The Grapes of Wrath Nook Edition by John Steinbeck Click Here to Download the Book John Steinbeck's Pulitzer Prize-winning epic of the Great Depression follows the western movement of one family and a nation in search of work and human dignity. Perhaps the most American of American classics. The novel focuses on the Joads, a poor family of sharecroppers driven from their Oklahoma home by drought, economic hardship, and changes in financial and agricultural industries. Due to their nearly hopeless situation, and in part because they were trapped in the Dust Bowl, the Joads set out for California. Along with thousands of other "Okies", they sought jobs, land, dignity and a future. When preparing to write the novel, Steinbeck wrote: "I want to put a tag of shame on the greedy bastards who are responsible for this [the Great Depression and its effects]." The book won Steinbeck a large following among the working class, perhaps due to the book's sympathy to the workers' movement and its accessible prose style. The Grapes of Wrath is frequently read in American high school and college literature classes. A celebrated Hollywood film version, starring Henry Fonda and directed by John Ford, was made in 1940.
Reviews I won’t yet go so far as to say these times are the same as the Great Depression, but I believe they will be if unemployment benefits are not extended. Reading this book, now, only reinforced that feeling (though I swear I wasn't looking for that; I had no recollection of the book from reading it in Jr. High.). I believe we’ve seen the same degree of economic shift that took place in the Depression, but that it has affected manufacturing workers instead of farmers. During the Great Depression, as Steinbeck reminds us, hundreds of thousands of former farmers became migrant workers instead, working at literally starvation level wages if they worked at all. There were often thousands of people in line for a few hundred jobs. There were no other jobs available. Many industries were affected, not just farming: construction, shipping, mining, railroads, logging and heavy manufacturing were all affected. In Detroit, where I am from, the Capuchins were feeding 800 people per day by Nov. 29, 1930. They recently sent mail quite literally begging for donations, so overwhelmed are they. They currently serve approximately 2,000 hot meals per day at their soup kitchens. Things are different, and the same. This book reminded me that the study of rhetoric is woefully absent from most U.S. educations. If it were not, our memories might be lengthened: We might realize that the same accusations of “communism” abounded during the 1930s, and that the unemployed were considered lazy for being on Relief. Steinbeck nails dialect and the language in use in a particular place in a particular time, and it's beautiful here. The same language is being used today to describe unemployed people who, now as then, would much rather have work rather than charity.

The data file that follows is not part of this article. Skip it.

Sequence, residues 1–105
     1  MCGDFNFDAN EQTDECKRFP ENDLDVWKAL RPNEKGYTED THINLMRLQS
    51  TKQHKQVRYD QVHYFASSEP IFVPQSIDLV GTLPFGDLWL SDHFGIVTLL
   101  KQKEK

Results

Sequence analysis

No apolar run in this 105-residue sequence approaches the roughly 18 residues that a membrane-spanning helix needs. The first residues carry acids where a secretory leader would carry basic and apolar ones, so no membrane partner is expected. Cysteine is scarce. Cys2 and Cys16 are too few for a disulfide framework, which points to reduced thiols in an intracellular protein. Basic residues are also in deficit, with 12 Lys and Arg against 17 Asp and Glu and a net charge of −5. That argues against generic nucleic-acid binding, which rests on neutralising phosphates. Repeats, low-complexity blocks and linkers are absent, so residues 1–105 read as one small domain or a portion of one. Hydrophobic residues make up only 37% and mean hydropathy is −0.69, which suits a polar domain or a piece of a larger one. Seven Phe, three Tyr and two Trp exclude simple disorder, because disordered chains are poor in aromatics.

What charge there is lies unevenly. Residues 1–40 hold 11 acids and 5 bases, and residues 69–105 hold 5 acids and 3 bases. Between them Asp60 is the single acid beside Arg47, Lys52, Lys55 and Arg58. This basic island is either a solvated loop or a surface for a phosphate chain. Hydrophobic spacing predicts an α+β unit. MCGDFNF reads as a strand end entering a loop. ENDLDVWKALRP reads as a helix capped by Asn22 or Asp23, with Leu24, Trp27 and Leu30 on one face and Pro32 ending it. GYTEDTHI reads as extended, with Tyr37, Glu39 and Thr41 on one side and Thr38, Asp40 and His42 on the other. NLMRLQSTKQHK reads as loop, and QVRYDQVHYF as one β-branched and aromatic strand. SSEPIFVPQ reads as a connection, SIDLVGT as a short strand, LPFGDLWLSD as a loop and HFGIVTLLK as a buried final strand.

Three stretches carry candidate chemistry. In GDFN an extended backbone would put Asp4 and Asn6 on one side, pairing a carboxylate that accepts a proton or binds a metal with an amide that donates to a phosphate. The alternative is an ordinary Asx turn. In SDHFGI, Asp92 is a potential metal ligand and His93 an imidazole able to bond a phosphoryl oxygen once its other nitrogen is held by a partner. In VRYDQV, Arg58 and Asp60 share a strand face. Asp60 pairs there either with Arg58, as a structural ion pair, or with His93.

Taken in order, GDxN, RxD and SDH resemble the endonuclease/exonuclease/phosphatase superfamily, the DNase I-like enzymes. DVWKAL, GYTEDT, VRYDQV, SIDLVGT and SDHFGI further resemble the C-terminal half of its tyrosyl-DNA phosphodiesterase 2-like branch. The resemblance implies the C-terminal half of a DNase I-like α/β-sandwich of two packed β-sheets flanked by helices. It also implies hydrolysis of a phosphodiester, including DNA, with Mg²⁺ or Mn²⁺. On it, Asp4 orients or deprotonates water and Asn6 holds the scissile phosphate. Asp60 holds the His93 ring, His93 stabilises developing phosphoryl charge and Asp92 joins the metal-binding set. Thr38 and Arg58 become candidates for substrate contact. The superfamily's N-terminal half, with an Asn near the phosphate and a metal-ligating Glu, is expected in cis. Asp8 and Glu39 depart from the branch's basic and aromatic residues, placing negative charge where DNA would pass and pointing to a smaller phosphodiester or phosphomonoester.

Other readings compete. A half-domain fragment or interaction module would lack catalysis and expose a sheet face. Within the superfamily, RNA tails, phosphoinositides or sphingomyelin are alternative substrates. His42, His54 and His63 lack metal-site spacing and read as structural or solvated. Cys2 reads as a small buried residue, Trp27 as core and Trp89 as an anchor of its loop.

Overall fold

The Grapes of Wrath tells the story of the Joad family, forced by the Oklahoma dust bowl and unscrupulous capitalistic business interests to migrate west to the "promised land" of California. Instead of a land of milk and honey, the Joad's find poverty and despair as they, along with many other destitute people, are forced into migrant crop work owned and operated by those who exploit them. Steinbeck alternates chapters of the Joad's story with experimental prose and dramatization which paint the larger picture of the "Okie" migration west. I found these narratives to be rich and descriptive, adding depth and insight into the social, environmental and genetic forces fighting against those who had migrated west in search of work. At first the Joads are only concerned about the well-being of the family, but soon realize that they belong to a larger group suffering the same difficulties and hardships, which can only be overcome through a collective effort. As the Joad family begins to shrink in blood relations, it expands to include those related by plight; the poor helping the poorer. “In the evening a strange thing happened: the twenty families became one family, the children were the children of all. In the evening, sitting around the fires, the twenty were one.” Toward the end of the novel, one of the Joads remembers a passage from Ecclesiastes illustrating one of the main ideas in the novel, “Two are better than one, for they have a good reward for their labor. For if they fall, the one will lif’ up his fellow, but woe to him that is alone when he falleth, for he has not another to help him up.” This was a compelling read which I highly recommend. While the poverty and suffering depicted in the novel is depressing and sometimes difficult to read, the message of love, compassion, dignity and courage of the human
spirit is uplifting overall.
I hadn't read the entire book since high school, but I've taught the movie probably a dozen times. Time to go back to the source, I decided. I listened to the book his time - and the actor who read it was clearly familiar with the movie. He sounded just like Henry Fonda and John Carradine! He even did a pretty good Jane Darwell as Ma Joad. I have a few quibbles with the Steinbeck- in particular I thought some of Ma's big speeches were somewhere between pretentious and ridiculous. But that's just a quibble. Steinbeck defined how we view the Dust Bowl and the economic migration to Oklahoma, and he did it beautifully. The Joad family is as familiar to Americans as any family in American fiction, and Casy the preacher is one of the great characters in American fiction. I also loved the descriptive chapters (I forget what he called them) that he used to give the setting. The first of the dying crops - tears your heart out, and it is mirrored in the end with the description of the floods.
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